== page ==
Although geographical distances remain, with a click on the mouse you can order pizza, cabinets, trips. It kind of comforts and scares me a little bit. It is this horse without reins called the internet, with which I live really hard, that distresses me. It forces you to rethink, reprogram all the time. And we’re not biologically designed to have to do it with such fast timelines. So you always have the idea of this world that can change its form several times a day. It is disturbing.
So it makes sense that I, belonging to a generation that has gone from analog to digital, from paper to a pc screen, warns today’s life as something perhaps a little too inconsistent. Everything went wrong behind remembering your fourteen daily passwords. Otherwise you’re ruined. Not that the past, made up of wars and nuclear waste, was better, but perhaps this present might not have to become this way.
Dead Rhetoric: What’s on the agenda for Abyssian over the next twelve months to support this release? And how are you handling the pandemic/COVID-19 situation, as Italy was one of the countries hitting the news for its many casualties due to the virus?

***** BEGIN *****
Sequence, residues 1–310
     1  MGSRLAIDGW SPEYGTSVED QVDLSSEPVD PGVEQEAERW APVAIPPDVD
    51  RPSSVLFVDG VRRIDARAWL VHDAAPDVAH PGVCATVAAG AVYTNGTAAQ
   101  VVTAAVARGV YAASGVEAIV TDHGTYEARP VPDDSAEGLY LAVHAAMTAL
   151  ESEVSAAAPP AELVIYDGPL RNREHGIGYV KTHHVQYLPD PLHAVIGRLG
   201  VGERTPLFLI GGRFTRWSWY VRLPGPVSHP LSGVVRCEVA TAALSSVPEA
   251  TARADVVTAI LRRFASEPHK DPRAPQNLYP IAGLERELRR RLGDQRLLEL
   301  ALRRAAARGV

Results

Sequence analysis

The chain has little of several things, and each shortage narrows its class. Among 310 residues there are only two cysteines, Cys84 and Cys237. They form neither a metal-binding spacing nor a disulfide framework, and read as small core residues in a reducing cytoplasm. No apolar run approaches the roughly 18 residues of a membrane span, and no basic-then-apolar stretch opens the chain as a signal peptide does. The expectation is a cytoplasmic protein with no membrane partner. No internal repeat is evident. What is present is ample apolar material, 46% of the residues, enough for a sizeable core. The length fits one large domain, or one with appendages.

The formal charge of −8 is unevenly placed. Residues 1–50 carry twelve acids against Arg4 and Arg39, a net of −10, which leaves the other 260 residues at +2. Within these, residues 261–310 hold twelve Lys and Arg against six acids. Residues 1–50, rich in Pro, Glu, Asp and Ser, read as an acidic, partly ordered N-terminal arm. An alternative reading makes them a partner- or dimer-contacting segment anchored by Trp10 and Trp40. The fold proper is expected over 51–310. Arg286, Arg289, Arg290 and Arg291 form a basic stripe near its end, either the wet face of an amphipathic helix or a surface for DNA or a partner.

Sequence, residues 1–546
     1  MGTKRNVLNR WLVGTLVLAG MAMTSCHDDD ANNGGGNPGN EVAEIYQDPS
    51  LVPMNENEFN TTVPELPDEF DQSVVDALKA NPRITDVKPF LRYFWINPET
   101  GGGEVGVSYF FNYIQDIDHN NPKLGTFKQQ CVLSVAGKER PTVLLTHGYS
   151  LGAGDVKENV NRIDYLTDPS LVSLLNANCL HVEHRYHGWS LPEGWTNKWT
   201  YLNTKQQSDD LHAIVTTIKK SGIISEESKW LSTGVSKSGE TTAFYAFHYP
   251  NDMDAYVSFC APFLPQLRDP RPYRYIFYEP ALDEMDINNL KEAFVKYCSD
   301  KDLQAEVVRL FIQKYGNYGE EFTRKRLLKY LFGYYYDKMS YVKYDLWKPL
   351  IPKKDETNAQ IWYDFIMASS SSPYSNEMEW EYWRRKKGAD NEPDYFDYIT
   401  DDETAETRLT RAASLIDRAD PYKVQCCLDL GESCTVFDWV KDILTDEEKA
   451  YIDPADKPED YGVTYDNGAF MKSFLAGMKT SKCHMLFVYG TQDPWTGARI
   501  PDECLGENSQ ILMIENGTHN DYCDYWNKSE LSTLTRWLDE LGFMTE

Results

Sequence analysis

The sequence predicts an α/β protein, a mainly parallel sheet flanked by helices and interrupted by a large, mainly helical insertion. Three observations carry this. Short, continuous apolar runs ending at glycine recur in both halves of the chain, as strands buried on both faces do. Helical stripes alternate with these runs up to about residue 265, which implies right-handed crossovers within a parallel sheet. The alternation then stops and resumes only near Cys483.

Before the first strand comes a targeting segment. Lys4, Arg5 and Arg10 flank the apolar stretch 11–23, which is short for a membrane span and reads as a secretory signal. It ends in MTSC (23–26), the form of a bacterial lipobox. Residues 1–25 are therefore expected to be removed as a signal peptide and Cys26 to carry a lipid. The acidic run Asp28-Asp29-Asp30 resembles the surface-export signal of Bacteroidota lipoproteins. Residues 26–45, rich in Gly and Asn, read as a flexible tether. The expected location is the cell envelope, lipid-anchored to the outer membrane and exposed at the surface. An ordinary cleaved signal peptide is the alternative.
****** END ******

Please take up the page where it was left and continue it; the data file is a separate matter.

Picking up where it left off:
Messina: As already mentioned, the pandemic has forced the music world to reschedule itself and give up its live shows, which are one of the first channels with which today stays alive. Unfortunately, in Italy the situation could not be more confused and ever changing, day by day. With yellow, orange, or red zones. And waiting for the supplies of vaccines, currently late.
We who have already had to postpone the release of Godly by about a year, are hoping that something will unlock and we will be able to reschedule our activities. Currently, we are working on the realization of the “As the Sun” video, which was already scheduled, and thinking about structuring also a live streaming show. It appears to be the only possible fallback to promote the release of an album, which we hope will be able to circulate and be appreciated as much as possible.